[[preprinted]]MONDAY, OCTOBER 23, 1865.[[/preprinted]] In New York spent morning with Dr Charles E. Morgan No 3. 5th Avenue showed new interesting experiment on magnetism [[diagram]] This wire on a bar magnet falls off by moving it along Writing a report on the committee of elect. and nervous (various?) influences - Called at the Tribune office to inquire why S. I. was so often attacked Was informed that it was because I has refused to allow abolition lectures in the Institution but that if I would see the Editor of the Tribune in Washington all would be made right. Intended to start for Princeton with Mrs Henry but was too late for the train stopped at the Astor House [[end page]] [[start page]] [[preprinted]]TUESDAY, OCTOBER 24, 1865.[[/preprinted]] Came to Princeton in the early train intending to go to Washington with Helen The telegraph however failed she did not meet me and I remained at Princeton. Called upon Prof Madison - discussed the affairs if the college - a Professor to be chosen in place of Professor Guyger. The College ready to pay me 4000 dolls the sum due on the bond belonging to me in possession of Prof. Alexander. Prof. Alexander gone to Ilinois(sic) to observe the eclipse of Oct which is [[?]] along a track through that state. Read an article in Annales de Chemis on the flow of liquids through capillary tubes Dr Guyot has completed tables suplimentary(sic) to those published
[[preprinted]]WEDNESDAY, OCTOBER 25, 1865.[[/preprinted]] Started with Helen from Princeton at 1/2 past 8 A. M. Took train. the 8o'clock one from New York at Trenton - went round Phil [[d superscript]] arrived at home after a somewhat tedious ride at 6 o'clock P.M. Found home closed Girls on a visit - Got in through the building with aid of Henry Horan - Girls came home. Nothing unusual had occurred The first unbound copies of the Report for 1863 obtained that day - the bound copies will not be ready for delivery for some time yet. [[end page]] [[start page]] [[preprinted]]THURSDAY, OCTOBER 26, 1865.[[/preprinted]] The building has been going on quite well during my absence. The front towers are out of danger but a much larger portion of the large rear tower has been taken down than was at first anticipated. The stones were found much affected with the fire - also it is throught all the battlements of the south side of the main building will come down. Engaged in correspondence with Mr Rhees - Professor Baird made report as to the cost of iron roof. which can be put on for 6000 dollars warranted light architect [[?]]. [[end page]]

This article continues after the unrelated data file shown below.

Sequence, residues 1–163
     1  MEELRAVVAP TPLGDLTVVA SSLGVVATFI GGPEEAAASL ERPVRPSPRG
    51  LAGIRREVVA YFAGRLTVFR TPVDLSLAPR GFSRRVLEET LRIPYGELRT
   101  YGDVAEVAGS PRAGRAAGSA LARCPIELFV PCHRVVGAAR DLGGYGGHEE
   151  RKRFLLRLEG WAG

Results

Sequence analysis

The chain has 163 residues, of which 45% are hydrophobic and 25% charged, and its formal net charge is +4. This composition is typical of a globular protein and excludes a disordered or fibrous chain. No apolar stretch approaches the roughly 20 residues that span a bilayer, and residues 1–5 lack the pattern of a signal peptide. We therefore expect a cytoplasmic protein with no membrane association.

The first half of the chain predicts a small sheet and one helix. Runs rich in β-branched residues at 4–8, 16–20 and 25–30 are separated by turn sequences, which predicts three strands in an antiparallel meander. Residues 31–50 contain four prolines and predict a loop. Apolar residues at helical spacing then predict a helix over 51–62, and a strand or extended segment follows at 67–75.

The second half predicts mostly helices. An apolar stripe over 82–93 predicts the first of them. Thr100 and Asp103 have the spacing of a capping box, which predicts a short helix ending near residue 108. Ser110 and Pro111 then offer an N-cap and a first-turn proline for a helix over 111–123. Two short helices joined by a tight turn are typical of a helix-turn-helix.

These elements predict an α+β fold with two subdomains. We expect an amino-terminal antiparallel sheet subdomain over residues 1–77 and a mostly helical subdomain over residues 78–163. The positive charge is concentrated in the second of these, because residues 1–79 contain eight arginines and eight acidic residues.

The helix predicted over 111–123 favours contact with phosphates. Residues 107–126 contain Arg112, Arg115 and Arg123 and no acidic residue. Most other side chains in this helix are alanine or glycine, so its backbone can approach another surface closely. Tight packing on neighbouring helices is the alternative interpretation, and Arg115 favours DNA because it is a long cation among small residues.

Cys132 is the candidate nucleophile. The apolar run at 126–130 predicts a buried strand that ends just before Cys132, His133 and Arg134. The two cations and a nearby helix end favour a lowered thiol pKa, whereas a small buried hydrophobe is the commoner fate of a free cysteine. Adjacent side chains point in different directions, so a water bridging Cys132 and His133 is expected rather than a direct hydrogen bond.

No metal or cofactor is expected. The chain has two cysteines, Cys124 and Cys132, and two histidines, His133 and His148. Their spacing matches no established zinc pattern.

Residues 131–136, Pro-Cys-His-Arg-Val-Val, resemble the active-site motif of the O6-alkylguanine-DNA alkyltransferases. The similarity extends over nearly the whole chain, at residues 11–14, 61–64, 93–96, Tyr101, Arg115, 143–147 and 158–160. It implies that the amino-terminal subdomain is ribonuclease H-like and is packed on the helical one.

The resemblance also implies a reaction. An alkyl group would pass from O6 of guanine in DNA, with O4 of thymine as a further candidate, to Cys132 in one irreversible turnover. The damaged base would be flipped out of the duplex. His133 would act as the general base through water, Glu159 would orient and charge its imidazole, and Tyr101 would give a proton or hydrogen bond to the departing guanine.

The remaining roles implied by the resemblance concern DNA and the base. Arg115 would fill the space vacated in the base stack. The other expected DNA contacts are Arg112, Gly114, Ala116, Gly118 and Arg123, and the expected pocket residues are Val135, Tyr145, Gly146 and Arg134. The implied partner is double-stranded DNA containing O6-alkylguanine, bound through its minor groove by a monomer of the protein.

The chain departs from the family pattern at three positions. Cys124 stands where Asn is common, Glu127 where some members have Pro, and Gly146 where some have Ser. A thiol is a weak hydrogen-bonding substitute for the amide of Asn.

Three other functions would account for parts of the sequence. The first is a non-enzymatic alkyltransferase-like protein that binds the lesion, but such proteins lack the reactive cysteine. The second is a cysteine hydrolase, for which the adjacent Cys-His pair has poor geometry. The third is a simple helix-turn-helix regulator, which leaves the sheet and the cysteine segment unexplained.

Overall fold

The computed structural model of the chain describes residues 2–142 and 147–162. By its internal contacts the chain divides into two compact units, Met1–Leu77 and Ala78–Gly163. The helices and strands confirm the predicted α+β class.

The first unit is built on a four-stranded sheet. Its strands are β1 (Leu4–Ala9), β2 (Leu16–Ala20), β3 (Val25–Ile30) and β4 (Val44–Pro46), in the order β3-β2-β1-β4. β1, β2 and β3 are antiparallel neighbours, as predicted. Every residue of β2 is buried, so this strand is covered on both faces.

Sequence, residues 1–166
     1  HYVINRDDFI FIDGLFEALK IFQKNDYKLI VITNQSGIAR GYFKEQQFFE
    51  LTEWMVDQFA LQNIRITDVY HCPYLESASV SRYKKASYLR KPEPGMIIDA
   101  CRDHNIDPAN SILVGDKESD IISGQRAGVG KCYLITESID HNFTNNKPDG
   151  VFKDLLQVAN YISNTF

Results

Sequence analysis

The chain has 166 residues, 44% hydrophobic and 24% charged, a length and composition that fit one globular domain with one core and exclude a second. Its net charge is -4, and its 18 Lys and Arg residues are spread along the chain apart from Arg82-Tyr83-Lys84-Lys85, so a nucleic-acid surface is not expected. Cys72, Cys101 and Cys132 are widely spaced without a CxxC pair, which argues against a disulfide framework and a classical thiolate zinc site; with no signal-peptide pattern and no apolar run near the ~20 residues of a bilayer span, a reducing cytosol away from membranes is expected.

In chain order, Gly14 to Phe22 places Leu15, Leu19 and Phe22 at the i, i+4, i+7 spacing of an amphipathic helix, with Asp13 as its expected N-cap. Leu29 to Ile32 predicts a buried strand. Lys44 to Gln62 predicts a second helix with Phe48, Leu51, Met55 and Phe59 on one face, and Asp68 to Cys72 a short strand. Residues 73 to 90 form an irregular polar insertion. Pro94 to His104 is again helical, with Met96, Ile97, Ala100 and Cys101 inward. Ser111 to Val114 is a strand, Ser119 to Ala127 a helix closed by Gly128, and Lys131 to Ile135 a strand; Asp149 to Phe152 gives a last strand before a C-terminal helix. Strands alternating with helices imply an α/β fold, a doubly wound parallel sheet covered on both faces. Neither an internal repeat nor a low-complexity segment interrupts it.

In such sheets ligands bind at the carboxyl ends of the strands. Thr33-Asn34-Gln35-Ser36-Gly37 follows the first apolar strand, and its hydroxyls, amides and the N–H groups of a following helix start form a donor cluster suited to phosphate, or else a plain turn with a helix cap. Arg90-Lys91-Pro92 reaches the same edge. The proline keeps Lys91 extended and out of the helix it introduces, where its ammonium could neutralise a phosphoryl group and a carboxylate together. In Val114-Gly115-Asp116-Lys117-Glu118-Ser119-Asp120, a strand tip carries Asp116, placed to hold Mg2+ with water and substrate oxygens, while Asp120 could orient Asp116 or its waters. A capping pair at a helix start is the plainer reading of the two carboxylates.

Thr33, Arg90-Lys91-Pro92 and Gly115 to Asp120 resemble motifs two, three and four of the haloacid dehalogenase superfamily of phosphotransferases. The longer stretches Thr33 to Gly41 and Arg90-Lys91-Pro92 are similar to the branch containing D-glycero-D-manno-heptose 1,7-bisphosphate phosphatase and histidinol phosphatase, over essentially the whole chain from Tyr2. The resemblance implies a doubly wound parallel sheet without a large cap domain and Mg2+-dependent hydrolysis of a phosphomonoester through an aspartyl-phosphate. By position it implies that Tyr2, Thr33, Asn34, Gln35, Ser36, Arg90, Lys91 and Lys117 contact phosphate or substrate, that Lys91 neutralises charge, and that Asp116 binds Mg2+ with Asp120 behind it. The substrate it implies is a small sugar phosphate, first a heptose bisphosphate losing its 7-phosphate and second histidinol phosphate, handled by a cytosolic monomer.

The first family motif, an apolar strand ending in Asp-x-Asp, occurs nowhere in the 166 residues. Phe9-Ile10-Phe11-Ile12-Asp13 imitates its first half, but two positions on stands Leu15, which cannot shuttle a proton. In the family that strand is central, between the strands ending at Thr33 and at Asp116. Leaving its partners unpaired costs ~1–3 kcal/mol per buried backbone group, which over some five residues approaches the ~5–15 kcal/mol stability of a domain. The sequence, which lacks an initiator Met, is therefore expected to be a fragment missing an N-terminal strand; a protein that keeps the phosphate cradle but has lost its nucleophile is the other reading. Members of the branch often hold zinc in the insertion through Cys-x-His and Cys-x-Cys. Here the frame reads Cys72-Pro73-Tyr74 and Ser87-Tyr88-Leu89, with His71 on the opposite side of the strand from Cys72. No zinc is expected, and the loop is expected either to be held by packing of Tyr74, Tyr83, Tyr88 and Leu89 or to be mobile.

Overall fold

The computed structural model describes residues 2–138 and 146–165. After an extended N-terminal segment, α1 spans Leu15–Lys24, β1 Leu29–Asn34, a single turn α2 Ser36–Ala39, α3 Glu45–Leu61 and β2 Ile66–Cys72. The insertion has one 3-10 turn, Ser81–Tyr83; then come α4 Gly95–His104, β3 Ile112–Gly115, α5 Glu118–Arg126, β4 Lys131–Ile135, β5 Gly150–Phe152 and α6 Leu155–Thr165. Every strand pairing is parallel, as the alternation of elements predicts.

[[preprinted]]FRIDAY OCTOBER 27, 1865.[[/preprinted]] correspondence made preparation for meeting of Light House Board which took place at 12 o'clock or rather was called at that hour - gave an account of my researches on sound which was listened to with much attention Called at the office of the attorney General to ask about the pardon of John Miller - It had been granted and sent to him two or three weeks ago. [[solid double line]] Sent about a week ago 5 boxes of Patent Office Reports by the Hamburgh Strauss Cunard [[?]] Agents - The [[stricken]]Patent[[/stricken]] Agricultural dept [[stricken]]through us[[/stricken]] have not sent abroad any of its reports Rev Mr Roupher asking for return of minerals - referred to Mr Egleston - [[end page]] [[start page]] [[preprinted]]SATURDAY, OCTOBER 28, 1865.[[/preprinted]] Report of opperations with Mr Baird Letter from Mr [[Younghouse?]] who is going to St. Domingo is coming to the Inst to study previous. Dr Briant has returned from Europe after purching for 12000 dollars in gold a collection of 8000 birds - 1/2 to come on to study. Dr. [[Bennent?]] proposes to make an Exploration to Guatemala - asks assistance of the S. I will furnish him with meteorological instruments - Green will supply him and take the instruments back and give credit for them. [[Grants?]] letters of introduction --- Letters proposed to the British Minister The Honduras and the Guatemala ministers - ------- Request from Mr Hagar asking [[Shenns?]] of Natural History of [[publish?]] this letter - sent 6 [[series?]] also sets to Lafayette [[Adreau?]] Colleges & [[state?]] collections at [[Montpelier?]] The materials for distribution which can immediately be [[striken]][[distributed]][[/striken]] sent consist of duplicates of Land and Freshwater shells--- [[end page]]